Fern Creek diversity an ingredient for success

Fern Creek soccer

Fern Creek’s Sixth Region-winning squad comprised players from no fewer than 11 nations. Photo courtesy of Cody Oaks.

Below is unedited version of Fern Creek’s remarkable story, featured in Vype Magazine’s November edition.

They might be a diverse bunch with hand-me-down cleats and shorts, but that didn’t stop the players of Fern Creek Traditional High School achieving a fantastic feat on the soccer field this fall.

With a squad comprising members from no less than 11 countries, the multinational Tigers fought their way to the Sixth Region championship – their first ever – after winning the 24th District crown.

Fern Creek’s incredible run was eventually halted in the state tournament series matchup against North Hardin, ending a nine-game winning streak in a season which saw them post a 15-5-3 record.

First-year coach John Pedro’s varsity and junior varsity charges are a mix of players from Iraq, Kenya, Somalia, Bosnia, Mexico, Liberia, Guatemala, the Philippines, Spain, Nepal and the U.S. (including the U.S. territory of Puerto Rico).

“I’ve never coached a team this diverse in age or ethnicity,” says Pedro, who took over from three-year head coach Jamie Dumstorf. “At the beginning of the season, I really had to sit back, observe and understand the dichotomy of the situation and of the players.”

They had three weeks of grueling preseason training which allowed Pedro, ably aided by assistant Kelsey Krueger, to get to know the players and their mindset a little.

“Quickly, I began to understand that most of these kids live in less fortunate circumstances than your typical high school boy,” he says. “Most of these kids don’t have transportation, relying on TARC to get them to practice or home. Their cleats, shorts and clothes are in many cases hand-me-downs. On many occasions we have players borrow each other’s equipment for games and practice because they simply can’t afford new stuff. Some even wonder if they will be able to eat that day or not.”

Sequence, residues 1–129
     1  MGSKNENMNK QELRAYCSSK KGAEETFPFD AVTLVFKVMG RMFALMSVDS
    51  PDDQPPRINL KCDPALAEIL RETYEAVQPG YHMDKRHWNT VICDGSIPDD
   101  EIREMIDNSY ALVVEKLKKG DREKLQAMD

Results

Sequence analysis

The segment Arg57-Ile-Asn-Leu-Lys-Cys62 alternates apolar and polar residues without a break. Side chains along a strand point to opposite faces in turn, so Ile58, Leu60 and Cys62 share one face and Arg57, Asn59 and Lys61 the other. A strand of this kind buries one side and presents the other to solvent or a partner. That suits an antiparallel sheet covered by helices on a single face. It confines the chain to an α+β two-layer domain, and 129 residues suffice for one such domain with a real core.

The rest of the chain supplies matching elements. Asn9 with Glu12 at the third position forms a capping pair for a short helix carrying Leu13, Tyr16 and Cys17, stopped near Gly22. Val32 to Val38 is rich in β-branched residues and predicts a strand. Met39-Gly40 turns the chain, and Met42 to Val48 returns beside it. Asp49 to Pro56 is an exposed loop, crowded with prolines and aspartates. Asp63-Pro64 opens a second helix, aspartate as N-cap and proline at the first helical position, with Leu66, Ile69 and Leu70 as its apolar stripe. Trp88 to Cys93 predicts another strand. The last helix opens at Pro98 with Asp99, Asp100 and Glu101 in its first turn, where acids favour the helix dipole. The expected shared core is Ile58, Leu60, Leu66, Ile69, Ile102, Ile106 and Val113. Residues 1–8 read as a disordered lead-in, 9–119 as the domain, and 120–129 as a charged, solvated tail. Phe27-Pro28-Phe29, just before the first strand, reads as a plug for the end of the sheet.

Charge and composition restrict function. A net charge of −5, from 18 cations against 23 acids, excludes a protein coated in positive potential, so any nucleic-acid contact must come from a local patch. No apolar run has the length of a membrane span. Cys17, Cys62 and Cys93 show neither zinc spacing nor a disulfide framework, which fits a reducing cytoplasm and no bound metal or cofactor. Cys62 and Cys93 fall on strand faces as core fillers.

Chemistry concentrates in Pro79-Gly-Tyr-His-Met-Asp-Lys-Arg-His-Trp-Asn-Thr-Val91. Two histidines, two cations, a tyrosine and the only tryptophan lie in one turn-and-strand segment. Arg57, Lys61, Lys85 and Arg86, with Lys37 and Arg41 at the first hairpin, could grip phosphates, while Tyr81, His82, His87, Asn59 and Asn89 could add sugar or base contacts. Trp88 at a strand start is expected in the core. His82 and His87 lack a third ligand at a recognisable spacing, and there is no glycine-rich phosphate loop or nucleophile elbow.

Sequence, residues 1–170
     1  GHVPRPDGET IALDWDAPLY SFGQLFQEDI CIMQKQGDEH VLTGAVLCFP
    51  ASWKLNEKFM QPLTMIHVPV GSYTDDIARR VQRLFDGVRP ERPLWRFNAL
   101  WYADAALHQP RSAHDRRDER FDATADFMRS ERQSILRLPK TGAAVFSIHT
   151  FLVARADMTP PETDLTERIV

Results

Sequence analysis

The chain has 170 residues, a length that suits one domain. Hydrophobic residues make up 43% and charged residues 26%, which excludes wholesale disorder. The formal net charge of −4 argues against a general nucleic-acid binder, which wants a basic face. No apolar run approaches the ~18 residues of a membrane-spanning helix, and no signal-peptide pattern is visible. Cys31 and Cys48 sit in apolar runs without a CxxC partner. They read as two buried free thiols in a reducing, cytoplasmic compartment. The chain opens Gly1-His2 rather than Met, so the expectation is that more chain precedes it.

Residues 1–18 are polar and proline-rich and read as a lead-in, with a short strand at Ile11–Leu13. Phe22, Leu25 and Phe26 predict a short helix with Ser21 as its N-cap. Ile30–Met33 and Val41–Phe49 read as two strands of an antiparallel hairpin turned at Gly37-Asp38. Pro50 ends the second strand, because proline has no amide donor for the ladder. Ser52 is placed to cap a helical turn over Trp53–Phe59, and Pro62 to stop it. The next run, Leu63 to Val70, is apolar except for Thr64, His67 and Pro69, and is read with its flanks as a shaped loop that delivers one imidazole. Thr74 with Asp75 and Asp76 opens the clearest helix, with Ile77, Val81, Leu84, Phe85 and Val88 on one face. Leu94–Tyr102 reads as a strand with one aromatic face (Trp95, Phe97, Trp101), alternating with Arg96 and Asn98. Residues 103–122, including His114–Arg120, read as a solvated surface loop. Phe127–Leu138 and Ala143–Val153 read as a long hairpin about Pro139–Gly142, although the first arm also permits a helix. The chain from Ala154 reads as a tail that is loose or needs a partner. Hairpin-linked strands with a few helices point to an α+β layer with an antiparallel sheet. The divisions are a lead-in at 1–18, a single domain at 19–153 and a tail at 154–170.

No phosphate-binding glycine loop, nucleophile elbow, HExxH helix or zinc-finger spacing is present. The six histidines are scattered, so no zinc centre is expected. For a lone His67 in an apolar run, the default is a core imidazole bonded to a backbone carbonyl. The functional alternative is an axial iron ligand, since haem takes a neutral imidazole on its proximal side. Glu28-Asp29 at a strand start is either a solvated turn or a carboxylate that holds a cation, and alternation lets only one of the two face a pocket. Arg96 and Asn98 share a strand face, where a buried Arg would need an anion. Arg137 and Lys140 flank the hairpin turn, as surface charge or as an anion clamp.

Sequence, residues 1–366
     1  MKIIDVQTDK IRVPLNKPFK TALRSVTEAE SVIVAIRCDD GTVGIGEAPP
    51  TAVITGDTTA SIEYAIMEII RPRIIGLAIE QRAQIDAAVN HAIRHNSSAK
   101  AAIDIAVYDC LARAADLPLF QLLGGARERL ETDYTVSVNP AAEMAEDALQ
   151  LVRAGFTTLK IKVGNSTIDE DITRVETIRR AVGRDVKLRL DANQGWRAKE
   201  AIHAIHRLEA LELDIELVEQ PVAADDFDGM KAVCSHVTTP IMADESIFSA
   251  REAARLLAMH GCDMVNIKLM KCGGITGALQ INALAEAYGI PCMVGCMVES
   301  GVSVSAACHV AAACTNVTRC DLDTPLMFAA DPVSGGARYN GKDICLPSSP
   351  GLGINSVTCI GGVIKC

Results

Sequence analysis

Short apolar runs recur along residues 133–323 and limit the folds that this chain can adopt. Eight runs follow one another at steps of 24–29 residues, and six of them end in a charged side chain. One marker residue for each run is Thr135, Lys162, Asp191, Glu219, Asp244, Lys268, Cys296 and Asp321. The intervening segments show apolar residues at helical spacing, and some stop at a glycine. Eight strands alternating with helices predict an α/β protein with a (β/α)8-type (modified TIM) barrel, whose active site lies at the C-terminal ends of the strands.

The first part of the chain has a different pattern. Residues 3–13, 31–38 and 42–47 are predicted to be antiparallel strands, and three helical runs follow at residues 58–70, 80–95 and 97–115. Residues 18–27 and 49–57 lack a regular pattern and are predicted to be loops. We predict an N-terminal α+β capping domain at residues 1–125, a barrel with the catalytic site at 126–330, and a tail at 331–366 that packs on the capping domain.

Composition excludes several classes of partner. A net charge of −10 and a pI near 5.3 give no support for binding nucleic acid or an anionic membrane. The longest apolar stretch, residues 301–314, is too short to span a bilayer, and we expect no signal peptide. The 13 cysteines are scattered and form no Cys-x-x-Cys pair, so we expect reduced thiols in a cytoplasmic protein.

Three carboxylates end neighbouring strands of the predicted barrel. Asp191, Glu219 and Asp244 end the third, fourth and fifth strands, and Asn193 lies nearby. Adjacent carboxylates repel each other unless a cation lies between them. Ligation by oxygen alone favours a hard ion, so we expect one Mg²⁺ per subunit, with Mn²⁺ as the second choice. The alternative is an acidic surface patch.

Yet despite the obstacles, the players trained hard every day, never missing a session.

“Most these kids know the game,” says Pedro. “They watch it, talk about it, and live and breathe it. Having so many different backgrounds was challenging because they all play a little differently than each other and don’t always understand one another. However, soccer is a universal language I think.”

The hard work paid off and as they gelled, the results followed, being rewarded with a district title courtesy of victories against Bullitt East (5-1) and Whitefield Academy (2-1 in double overtime).

The following day, Pedro discovered how much of a unit they had become. He called an emergency practice, asking captains Greg Pineo and Abdikadir Hussein to round up as many troops as possible. Of the 15 that turned up, eight had no cleats and three trained in their school slacks. However, they all decided to train barefoot.

“The ones who were fortunate enough to bring theirs took them off so they could support the ones who didn’t,” he reveals. “At that point, I knew we were one.”

What followed were wins against Southern (4-1), Iroquois (1-0) and Fairdale (1-0) to give the Tigers first ever Region Six crown.

“It has been a terrific season for these kids and I am truly proud of them for their accomplishments,” says Pedro, who himself won a state championship with St Xavier as a goalkeeper in 1994.

The Tigers pictured celebrating their Kentucky Sixth Region success. Photo courtesy of Cody Oaks.

Junior Cody Oaks, who was chosen on this year’s All-District team and scored that overtime winner against Whitefield, jokes that it was hard at first for the team to unify because when players got frustrated they started to argue in different languages.

“Even though our backgrounds are all different, our goals are all the same,” he says. “We all like to possess the ball and pass it and win, which helped out a lot too.”

Oaks, a member of United 1996 Internationals ’96 team with fellow Creeker Feryad Mezori, says there is no one player on the team that would be considered the star.

“We are brothers — we work hard and play hard,” he says. “Our future is bright since we are losing only two starting seniors and we have a lot of promising young players. I’m looking forward to next year and know we will once again be playing for the state championship.”


One response

  1. Great article!

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